People like you rot me, who take away from the significance of a comment by pointing out the obvious without regarding specifics.

    The specific examples you gave and which he quoted are exactly as he says; a normal young adult being a normal young adult. His reply was also inoffensively humourous. Get off your high horse.

  • by Kirijini (214824) <kirijini@yahoo . c om> on Saturday October 16, 2010 @03:55PM (#33919496)

    I'm sorry. I should have just said "she's being a normal young adult."

    All kids/teenagers hate it when their parents criticize their choice of how to spend their time, all kids/teenager hate it when their interests are seemingly ignored by their family, and all kids/teenagers rebel against their family. If her condition magnifies these typical reactions, then, I'm sorry, but "youth rebellion disorder" is an age-old problem that exists even without ipods and even without cerebral palsy.

  • by Pieroxy (222434) on Saturday October 16, 2010 @05:04PM (#33919894) Homepage

    "The rise of mainstream tablets"

    Why can't we call the rise of the iPad "The rise of the iPad" ?

  • by jamrock (863246) on Saturday October 16, 2010 @05:27PM (#33920022)
    My eldest niece is now 25 years old and suffers from cerebral palsy. It's easy to make fun of people with special needs, but it's an insulting slap in the face to their heroic caregivers. When I think about the endless love, countless hours of attention, and enormous amounts of money my brother and sister-in-law spent on their child and the heartache they endured, to have some smug, basement-dwelling maggot going for the cheap laughs enrages me to the point that I want to rip their eyeballs out through their assholes.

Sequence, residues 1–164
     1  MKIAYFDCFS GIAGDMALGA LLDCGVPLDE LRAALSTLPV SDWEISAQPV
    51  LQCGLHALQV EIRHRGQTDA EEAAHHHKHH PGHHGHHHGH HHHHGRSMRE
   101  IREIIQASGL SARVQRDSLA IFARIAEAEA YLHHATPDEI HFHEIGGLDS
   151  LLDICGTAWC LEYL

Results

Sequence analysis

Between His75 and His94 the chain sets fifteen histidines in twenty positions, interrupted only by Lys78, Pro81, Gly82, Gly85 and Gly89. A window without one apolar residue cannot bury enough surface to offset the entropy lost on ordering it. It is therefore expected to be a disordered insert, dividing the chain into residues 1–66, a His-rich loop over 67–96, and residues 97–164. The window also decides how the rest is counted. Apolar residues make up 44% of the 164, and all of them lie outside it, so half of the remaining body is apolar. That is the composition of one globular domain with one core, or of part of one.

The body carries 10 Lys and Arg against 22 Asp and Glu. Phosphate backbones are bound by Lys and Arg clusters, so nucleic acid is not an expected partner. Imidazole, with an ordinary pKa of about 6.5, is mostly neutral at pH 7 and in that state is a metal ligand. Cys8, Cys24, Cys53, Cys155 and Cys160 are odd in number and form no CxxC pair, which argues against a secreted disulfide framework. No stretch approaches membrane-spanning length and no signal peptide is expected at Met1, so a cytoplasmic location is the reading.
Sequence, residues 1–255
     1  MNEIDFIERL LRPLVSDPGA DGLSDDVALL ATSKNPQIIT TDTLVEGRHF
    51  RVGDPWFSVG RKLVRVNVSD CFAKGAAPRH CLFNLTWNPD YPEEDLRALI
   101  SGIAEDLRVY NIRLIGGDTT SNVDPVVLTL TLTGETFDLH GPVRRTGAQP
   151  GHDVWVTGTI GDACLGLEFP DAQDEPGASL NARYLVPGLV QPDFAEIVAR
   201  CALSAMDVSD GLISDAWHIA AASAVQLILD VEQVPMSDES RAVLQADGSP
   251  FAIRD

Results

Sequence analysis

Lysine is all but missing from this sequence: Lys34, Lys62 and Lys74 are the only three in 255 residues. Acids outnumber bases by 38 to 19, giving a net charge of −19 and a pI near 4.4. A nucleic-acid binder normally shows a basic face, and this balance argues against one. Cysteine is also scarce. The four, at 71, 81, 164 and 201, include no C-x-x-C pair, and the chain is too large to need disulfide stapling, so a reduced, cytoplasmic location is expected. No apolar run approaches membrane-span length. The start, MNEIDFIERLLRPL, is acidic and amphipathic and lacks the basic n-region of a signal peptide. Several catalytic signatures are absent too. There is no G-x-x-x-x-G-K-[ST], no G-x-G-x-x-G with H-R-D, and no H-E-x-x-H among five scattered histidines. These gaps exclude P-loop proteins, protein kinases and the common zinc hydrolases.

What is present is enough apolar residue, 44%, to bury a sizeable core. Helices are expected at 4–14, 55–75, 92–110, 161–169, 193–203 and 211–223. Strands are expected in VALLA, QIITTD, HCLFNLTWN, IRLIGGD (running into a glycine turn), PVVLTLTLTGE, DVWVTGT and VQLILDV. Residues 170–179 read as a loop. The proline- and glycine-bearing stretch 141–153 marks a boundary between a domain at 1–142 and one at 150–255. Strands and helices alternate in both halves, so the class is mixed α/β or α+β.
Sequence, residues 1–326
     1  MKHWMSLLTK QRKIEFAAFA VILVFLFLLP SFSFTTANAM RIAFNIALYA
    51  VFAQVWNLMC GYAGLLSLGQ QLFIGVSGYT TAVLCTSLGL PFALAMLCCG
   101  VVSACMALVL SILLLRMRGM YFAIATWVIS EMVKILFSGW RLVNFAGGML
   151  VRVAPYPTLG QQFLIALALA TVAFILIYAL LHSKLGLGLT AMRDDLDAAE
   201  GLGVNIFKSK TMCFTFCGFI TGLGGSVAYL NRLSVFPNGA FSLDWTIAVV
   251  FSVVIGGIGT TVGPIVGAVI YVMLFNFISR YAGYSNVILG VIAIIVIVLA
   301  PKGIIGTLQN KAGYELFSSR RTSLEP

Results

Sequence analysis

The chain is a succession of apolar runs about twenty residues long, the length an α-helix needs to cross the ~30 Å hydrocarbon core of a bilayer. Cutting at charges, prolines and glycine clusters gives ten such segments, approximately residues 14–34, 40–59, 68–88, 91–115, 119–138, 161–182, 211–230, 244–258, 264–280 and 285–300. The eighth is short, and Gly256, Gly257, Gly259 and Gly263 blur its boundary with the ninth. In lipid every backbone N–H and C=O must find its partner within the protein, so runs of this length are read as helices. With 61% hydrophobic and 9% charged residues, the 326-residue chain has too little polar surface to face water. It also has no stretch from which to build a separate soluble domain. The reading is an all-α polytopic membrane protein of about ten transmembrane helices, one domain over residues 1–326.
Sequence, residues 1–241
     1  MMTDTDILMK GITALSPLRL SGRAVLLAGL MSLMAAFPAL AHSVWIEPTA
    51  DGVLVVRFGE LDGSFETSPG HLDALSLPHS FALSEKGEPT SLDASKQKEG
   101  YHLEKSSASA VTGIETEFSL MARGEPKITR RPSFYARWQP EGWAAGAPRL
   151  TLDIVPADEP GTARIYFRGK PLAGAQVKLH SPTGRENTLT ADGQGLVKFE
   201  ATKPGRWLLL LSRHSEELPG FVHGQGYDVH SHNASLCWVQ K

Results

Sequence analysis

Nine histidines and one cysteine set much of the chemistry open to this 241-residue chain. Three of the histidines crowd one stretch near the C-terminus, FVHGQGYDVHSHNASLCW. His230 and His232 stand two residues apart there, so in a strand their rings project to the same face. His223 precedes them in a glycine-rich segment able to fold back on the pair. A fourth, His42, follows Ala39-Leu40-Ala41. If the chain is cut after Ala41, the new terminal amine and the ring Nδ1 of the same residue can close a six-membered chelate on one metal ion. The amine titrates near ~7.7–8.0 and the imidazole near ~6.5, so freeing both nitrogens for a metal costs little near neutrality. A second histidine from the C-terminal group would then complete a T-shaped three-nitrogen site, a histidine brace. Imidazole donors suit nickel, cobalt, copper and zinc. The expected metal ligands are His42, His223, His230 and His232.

Oh, and fuck you too.
  • by Anonymous Coward on Saturday October 16, 2010 @08:17PM (#33920918)

    Sorry, that doesn't cut it. Netbooks have been around for years but the whole point is that this is only useful on a tablet. It is hilarious that people complain about the iPad still being too expensive when there is no alternative, and the devices it replaces cost 10 to 20 times what it costs.

  • by johnlcallaway (165670) on Sunday October 17, 2010 @01:54AM (#33922122)
    My kids could do that too when they were about that age.

    20 years ago. Because they had parents that read to them every night and interacted with them.

    If someone is saying the only reason their kids know these things is because of iPhones, iPads, or educational apps, I feel very sorry for them....
  • by Anonymous Coward on Sunday October 17, 2010 @04:40AM (#33922660)

    My sympathy to you.
    I know it matters nothing, but I guess your's is the most spot-on comment.

    When sometimes I stop and think about our Universal Health System we have here in Italy, I wonder why we cannot simply admit that it's all just for the profit of the few and the impoverishment of the many and has no basis whatsoever in socialism, humanitarianism and whatnot.
    I have clearly engraved in my mind the boot-up talk I had with my boss (lawyer) when I started working.

    "A son who followed his father in the medical profession finally took his first patient from his father's, after many years of medical school. The patient complained about an aching thumb that would not let him work as a wood craftsman. The father doctor always prescribed him pain killers and unguents and sent him home every time, only to have him come back a few days later with an aching thumb. The son thought about using his acumen and knowledge and took a magnifying glass to the thumb and found a splinter which he promptly removed with tweezers. The patient felt immediately better and went home never to return to see the doctor. When after some time the father asked the son about the man and why he was not coming back any more the son promptly replied: "Oh, father, it was just a splinter. I took it out".
    "DUMBASS yelled the father. Do you think we could afford this house if we were loosing patients like that?

    Make what you want out of this story. It was great teaching for me, whichever way I tried to look at it.

"Let every man teach his son, teach his daughter, that labor is honorable." -- Robert G. Ingersoll